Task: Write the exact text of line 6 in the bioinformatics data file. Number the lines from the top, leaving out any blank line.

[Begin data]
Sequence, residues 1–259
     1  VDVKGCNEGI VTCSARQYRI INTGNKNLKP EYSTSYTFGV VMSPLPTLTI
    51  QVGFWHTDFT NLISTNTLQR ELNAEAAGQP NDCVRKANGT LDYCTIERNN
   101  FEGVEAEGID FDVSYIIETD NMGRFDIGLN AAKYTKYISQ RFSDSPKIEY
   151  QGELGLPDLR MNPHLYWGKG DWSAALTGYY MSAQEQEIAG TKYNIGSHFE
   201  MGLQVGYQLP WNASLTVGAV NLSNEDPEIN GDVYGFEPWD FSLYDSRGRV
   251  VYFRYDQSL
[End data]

   201  MGLQVGYQLP WNASLTVGAV NLSNEDPEIN GDVYGFEPWD FSLYDSRGRV